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Via Bisnow 

As major U.S. companies look to capitalize on international freight connectivity and industrial growth, many are zeroing in on Middle America over coastal gateway markets.

Millions of square feet of warehouses are under construction in Memphis, as well as in other cities like Cincinnati and Fort Worth. All have airports with major cargo capabilities.

Amazon, FedEx and UPS have all announced multibillion-dollar expansions in these and other inland markets to capitalize on existing transportation hubs. Developers and e-commerce companies are now following freight, spurring an industrial boom across America’s heartland.

“One of the reasons we see so much buildup around these inland ports is it cuts down on transportation time and transportation costs,” said James Breeze, CBRE senior director and global head of industrial and logistics research. “Transportation costs are the highest costs for a supply chain and any way occupiers can find to cut down on that cost they will, including building up around distribution centers.”

Memphis, home to North America’s busiest cargo airport by volume, has been FedEx’s corporate hometown since 1973.

Freight companies are attracted to the markets due to their central location and land availability to scale up international operations. The cargo connectivity is now having a spillover effect in the industrial sector.

“We are seeing uniform demand increases around sites with compelling logistical qualities,” said Andrew Iglowski, the managing partner and co-founder of Boston-based industrial investment and development firm The Seyon Group. “Sites that are effectively junctions of product distribution are overtly strategic and less replaceable.”

Nike’s 2.8M SF Memphis distribution facility is the athletic company largest in the world. Other companies — like Williams Sonoma, consumer electronics company Technicolor, and Amazon — have distribution centers in Tennessee’s second-largest city.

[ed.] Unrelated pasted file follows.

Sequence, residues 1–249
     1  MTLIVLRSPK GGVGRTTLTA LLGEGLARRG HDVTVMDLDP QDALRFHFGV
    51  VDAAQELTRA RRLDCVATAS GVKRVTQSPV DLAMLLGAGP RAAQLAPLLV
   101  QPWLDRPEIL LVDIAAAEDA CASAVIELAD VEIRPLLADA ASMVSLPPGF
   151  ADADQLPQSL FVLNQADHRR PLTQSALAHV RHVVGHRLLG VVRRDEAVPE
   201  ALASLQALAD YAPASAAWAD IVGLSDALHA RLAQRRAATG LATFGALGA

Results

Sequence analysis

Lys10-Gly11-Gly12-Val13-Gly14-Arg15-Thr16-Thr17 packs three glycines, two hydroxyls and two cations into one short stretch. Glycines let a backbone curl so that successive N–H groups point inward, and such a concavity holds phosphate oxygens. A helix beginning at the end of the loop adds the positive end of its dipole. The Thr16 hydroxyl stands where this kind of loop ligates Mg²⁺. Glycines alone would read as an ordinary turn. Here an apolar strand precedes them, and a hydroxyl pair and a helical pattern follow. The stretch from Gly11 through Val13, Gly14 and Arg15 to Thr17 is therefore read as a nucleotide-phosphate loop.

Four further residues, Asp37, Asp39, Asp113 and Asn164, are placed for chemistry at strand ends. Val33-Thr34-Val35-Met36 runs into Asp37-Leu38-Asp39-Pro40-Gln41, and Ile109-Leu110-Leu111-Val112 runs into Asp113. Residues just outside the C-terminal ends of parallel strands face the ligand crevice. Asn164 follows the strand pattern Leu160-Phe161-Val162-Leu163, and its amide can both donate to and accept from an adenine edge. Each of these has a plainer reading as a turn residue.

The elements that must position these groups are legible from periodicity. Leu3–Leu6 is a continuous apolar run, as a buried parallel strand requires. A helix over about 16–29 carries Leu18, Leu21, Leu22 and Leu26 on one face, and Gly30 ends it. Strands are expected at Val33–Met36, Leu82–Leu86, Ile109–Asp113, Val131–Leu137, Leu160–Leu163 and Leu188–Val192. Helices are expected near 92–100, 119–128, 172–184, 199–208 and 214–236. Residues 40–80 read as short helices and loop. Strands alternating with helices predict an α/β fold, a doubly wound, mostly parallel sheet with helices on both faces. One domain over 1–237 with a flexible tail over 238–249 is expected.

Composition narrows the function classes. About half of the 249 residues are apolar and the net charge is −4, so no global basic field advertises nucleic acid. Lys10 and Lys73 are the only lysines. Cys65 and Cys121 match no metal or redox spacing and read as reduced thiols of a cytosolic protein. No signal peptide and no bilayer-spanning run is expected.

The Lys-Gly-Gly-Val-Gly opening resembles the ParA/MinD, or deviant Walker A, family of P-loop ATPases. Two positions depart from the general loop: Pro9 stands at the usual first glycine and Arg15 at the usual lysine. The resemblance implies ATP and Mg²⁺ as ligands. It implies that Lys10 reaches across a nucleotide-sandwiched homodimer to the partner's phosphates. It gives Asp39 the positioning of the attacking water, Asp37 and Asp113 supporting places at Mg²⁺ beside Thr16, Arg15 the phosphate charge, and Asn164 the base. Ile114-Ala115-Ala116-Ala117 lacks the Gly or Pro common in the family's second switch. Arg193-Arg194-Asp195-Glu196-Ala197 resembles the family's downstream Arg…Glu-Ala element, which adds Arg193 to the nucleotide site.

About 7.5M SF of warehouses is under construction for companies looking to tap into Memphis’ rich distribution resources, according to a JLL Q4 report. The Tennessee city is also the third-largest inland U.S. maritime port.

“Memphis’ geographic location, distribution and transportation assets — namely runway, river, rail and roads — are the biggest drivers in [Memphis International Airport] remaining America’s Aerotropolis,” Memphis Shelby County Airport Authority President and CEO Scott Brockman said.

Industrial demand may be the highest in coastal markets with large populations increasingly expecting next-day or even same-day delivery, but the demand and population density also push land costs up.

While inland markets may lack the population and income of Los Angeles, New York City, San Francisco or Boston, they have more available land at a significant value. Industrial rents in Memphis average just over $3/SF, according to JLL. In Cincinnati, warehouse rents average a little more than $4/SF. The price value and connectivity make the regions attractive to e-commerce distributors when many companies are looking to trim supply chain costs.

Logistics costs increased more than 11% in 2018, according to the Council of Supply Chain Management Professionals. Increased costs associated with trucking have made companies turn to alternative transportation hubs to reduce costs.

Developments happening close to the airfield are expected to fuel even more surrounding industrial growth.

FedEx is spending $1.5B to modernize its Memphis facilities, which process nearly half of the carrier’s overall daily package volume. The modernization plan includes a 1.3M SF sorting facility. UPS is expanding its Memphis International Airport facility by 266K SF as part of a planned $216M expansion.

Along with the Memphis expansion, UPS is also adding “super hubs” near existing transportation hubs in Eastern Pennsylvania, Tacoma, Washington, and Ontario, California.

Whether by air, rail, or sea, transportation center expansion is expected to continue to be the catalyst for U.S. warehouse growth.

Read the full article at Bisnow.